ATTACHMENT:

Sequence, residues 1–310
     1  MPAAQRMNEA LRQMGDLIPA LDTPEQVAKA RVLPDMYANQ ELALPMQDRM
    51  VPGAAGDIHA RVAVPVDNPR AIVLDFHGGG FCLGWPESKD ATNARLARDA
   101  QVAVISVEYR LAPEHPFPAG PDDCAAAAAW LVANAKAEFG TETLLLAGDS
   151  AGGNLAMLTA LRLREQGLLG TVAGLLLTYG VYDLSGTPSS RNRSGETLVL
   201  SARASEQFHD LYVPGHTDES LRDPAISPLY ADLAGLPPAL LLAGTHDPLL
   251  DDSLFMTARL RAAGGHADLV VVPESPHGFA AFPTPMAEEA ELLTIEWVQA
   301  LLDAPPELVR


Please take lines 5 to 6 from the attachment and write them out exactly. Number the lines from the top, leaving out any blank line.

   151  AGGNLAMLTA LRLREQGLLG TVAGLLLTYG VYDLSGTPSS RNRSGETLVL
   201  SARASEQFHD LYVPGHTDES LRDPAISPLY ADLAGLPPAL LLAGTHDPLL